“All the women in me are tired.”
One of my favorite stories is that of the egg, carrot and coffee bean. The story goes like this:
Once upon a time a young girl comes home extremely distraught and runs to her grandmother to find solace in the kitchen. The daughter goes on a long rant about how awful the world is and is in a state of despair. The grandmother then asks the daughter to aid her in the kitchen as she has a valuable life lesson to teach her. The grandmother had prepared carrots, eggs and coffee beans. She instructs the granddaughter to place three pots of water on the stove and set them to boiling temperatures. Once the water boils, the grandmother asks the daughter to place carrots in one pot, eggs in the other, and coffee beans in the last.
After a few minutes the grandmother turns off the stove tops. She asks the granddaughter to come look at how the boiling water had changed each of the food items. The grandmother asks the daughter to explain how the carrot was before and after it was placed in boiling water. The granddaughter says its prior state it was hard and its post state it became soft. The daughter then explained the egg’s prior state was it was hard on the outside and soft on the side, and its post state it became hard both externally and internally. The daughter then evaluated the state of the coffee beans and said its prior state it had a strong scent and in its post state it had an even sweeter scent that transferred over to the water.
The grandmother then tells her granddaughter that the purpose of this exercise was to teach her the different ways in which people respond to adversity (represented by the water). Some people are like carrots, they are strong-willed with a tough exterior, however, in times of adversity they weaken and become soft. Then, there are some people who are like eggs. They are soft and gentle however, once faced with adversity they become closed off, and hard. Lastly, there are people like the coffee bean; in times of adversity they turn lemons into lemonade – they make things better. She then asked her granddaughter to reflect on if she was a carrot, egg, or coffee bean, and which one she wanted to be.
I learned how to wear sadness well after going in and out of spurts of depression and anxiety. There would be weeks straight where I’d be driving and find myself thinking thoughts like what if I didn’t brake here and fantasized myself “losing control” of my vehicle and flying off the 520 bridge. Then there’d be other times where I’d research and calculate how many pills of what kind would knock me out the longest without causing irreversible damage. Needless to say, that was a shitshow as I recall the day my friend found me unresponsive in my room and waking up to commotion as she hunched me over the toilet. The room was spinning, my muscles were spazzing, and I could barely speak. It took me a few weeks to fully recover and regain feeling all over my body. You would’ve thought it would’ve deterred me from experimenting with pharmaceutical vacations – but it didn’t. I mixed pills like cocktails until I finished my prescriptions. – I actually got better with time as I learned my body’s limit. The interventions my friends had with me literally went through one ear and out the other. I got kicked out of my major, withdrew from school, and my boyfriend at the time and I had broken up. I felt like I was living out a Lifetime movie – shitty and underwhelming.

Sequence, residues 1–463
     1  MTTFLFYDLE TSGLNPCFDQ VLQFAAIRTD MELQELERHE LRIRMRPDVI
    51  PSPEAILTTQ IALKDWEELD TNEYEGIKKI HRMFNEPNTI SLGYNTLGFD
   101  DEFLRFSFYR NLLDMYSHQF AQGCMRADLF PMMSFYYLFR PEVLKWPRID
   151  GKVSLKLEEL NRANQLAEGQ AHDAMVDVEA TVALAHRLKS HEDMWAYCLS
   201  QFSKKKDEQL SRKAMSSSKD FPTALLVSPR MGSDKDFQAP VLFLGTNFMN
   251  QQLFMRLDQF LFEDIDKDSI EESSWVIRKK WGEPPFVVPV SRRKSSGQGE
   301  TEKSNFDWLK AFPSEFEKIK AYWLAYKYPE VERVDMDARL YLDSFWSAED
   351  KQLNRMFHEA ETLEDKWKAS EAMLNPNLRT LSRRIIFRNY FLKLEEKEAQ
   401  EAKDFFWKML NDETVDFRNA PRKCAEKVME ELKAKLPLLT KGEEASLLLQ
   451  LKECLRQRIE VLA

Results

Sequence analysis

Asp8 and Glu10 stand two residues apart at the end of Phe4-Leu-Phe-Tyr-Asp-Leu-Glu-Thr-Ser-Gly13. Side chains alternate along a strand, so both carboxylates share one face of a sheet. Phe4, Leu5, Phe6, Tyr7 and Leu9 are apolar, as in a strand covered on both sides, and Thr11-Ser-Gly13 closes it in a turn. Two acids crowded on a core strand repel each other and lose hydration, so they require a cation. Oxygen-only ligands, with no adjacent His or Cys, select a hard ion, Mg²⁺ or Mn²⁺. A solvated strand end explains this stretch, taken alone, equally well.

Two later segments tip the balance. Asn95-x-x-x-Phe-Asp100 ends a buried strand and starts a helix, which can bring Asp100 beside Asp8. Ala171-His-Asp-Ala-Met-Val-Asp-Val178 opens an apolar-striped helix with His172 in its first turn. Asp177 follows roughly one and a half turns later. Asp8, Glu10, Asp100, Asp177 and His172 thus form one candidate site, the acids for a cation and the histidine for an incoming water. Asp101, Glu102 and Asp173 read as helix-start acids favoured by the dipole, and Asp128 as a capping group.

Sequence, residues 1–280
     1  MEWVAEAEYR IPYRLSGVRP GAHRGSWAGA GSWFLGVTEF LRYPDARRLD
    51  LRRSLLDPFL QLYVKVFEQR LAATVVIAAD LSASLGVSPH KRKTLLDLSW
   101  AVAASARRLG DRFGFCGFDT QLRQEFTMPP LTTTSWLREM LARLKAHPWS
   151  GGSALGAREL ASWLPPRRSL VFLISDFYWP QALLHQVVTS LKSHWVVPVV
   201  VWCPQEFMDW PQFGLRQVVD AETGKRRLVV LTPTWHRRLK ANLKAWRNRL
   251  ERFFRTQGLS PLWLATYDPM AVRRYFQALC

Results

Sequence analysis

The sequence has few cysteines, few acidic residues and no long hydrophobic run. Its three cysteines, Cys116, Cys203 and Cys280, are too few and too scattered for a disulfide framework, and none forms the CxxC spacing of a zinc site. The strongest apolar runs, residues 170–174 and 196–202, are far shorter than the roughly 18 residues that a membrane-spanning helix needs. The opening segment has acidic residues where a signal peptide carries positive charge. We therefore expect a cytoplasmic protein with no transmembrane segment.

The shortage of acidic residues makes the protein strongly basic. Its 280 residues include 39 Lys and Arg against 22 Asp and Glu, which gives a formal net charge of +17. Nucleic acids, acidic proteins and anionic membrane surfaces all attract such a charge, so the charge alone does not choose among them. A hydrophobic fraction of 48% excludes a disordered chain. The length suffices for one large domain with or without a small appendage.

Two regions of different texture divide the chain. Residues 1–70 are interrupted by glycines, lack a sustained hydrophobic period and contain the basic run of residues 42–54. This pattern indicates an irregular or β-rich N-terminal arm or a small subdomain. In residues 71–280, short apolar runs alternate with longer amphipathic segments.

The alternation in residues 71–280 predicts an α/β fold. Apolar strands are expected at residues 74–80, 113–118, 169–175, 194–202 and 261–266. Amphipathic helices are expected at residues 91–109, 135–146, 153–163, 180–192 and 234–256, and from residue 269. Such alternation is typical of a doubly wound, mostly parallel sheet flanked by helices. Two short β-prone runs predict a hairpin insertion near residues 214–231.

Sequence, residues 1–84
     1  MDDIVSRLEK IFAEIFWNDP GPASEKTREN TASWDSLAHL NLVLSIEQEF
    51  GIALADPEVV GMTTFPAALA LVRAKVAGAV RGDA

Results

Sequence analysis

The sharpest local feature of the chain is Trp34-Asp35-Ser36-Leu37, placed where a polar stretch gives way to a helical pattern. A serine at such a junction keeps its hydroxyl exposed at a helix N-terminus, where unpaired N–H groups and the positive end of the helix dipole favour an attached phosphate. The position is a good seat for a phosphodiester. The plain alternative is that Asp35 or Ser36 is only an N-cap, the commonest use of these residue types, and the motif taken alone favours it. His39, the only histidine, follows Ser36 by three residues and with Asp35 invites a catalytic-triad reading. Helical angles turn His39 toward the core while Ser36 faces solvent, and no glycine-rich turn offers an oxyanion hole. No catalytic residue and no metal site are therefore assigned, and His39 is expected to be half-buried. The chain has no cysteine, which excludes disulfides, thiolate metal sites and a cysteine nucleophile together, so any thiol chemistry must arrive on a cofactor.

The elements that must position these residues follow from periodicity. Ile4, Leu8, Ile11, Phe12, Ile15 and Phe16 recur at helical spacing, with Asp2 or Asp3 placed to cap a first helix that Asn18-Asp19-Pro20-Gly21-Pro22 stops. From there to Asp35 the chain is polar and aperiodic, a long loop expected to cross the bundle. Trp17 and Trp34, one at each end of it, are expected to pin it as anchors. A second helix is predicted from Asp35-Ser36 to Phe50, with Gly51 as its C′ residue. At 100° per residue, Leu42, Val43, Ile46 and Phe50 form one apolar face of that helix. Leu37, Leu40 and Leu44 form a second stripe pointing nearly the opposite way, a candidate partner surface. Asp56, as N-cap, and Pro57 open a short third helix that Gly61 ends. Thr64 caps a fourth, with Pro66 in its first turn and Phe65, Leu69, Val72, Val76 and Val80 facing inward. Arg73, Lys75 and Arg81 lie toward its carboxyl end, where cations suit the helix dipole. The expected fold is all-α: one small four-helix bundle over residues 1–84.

I’m not quite sure what made me stop. I wish I could pin point exactly the moment where things started to change but I can’t. Just as sadness can catch you off guard and creep on you, so can joy. I found myself slowly hanging out with my friends, applying to internships, and contesting getting kicked out of my major and re-enrolling in school.
I watched a Ted Talk, one of my favorites, that talked about addiction. If you haven’t watch it – it’s called “Everything you think you know about addiction is wrong” by Johann Hari. It talks about as a society we stigmatize and ostracize individuals who have substance abuse problems. Throughout the speech the psychologist goes on to make a case that, “The opposite of addiction isn’t rehab, it’s connection.” I wonder if that’s what healed me – when I’m sad I tend to implode and distance myself from everyone – so maybe gradually being around more people made coping easier? Who knows though I’m probably making this up in hindsight, that whole period is so blurry.
I still find myself grappling with spells of sadness, but the weight isn’t as heavy anymore. I think resilience is like a muscle the more you challenge it the stronger it gets. I try to keep the story of the carrot, egg and coffee bean in mind. In fact, lately I’ve been wearing my sadness oddly well – my best creations stem from it ranging from writing, art to even launching businesses. When I catch my mind wandering in a negative direction I focus on building something that can make something better for someone else out in the world. I truly believe an idle mind is the devil’s playground so I try to keep myself busy when I can. It’s still probably not the most healthy mechanism I can admit (cue Solange’s “Crane in the Sky”) but if I’m going to be sad and whether the storm – I’m going to make the most out of it by making something beautiful out of chaos. It can’t be coincidental that my homeland of Ethiopia is known for its coffee beans, right?
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